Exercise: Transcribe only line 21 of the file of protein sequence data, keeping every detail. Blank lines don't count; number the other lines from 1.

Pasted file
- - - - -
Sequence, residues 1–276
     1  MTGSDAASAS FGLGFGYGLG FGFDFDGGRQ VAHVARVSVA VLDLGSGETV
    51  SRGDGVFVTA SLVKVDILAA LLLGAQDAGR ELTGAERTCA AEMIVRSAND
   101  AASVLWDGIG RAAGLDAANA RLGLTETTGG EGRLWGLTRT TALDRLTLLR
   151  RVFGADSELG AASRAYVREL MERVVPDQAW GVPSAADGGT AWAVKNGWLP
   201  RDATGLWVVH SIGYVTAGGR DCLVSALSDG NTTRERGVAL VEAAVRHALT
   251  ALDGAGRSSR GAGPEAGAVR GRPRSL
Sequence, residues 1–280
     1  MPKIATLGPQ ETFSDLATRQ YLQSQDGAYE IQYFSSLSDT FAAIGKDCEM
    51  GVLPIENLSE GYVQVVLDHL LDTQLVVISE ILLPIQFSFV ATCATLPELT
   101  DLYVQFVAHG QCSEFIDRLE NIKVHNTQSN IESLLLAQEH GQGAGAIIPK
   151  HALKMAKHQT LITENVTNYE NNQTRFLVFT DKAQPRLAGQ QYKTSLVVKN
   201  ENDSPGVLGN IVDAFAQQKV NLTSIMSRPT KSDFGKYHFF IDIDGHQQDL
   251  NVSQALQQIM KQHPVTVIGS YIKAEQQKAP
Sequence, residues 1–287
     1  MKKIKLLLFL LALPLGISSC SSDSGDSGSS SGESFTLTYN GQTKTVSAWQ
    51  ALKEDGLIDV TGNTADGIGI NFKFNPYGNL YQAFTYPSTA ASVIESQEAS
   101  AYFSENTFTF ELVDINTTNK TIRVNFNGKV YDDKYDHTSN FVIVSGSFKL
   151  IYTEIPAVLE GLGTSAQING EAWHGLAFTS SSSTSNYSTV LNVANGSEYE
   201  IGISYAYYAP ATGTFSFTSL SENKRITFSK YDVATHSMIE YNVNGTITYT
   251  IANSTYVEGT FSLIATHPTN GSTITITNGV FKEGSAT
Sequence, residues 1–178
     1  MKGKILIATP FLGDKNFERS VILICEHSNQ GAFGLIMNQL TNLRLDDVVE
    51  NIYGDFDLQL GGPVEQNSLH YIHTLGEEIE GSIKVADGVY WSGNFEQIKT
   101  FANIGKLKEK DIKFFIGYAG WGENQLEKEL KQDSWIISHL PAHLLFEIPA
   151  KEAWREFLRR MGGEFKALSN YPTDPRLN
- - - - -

   251  IANSTYVEGT FSLIATHPTN GSTITITNGV FKEGSAT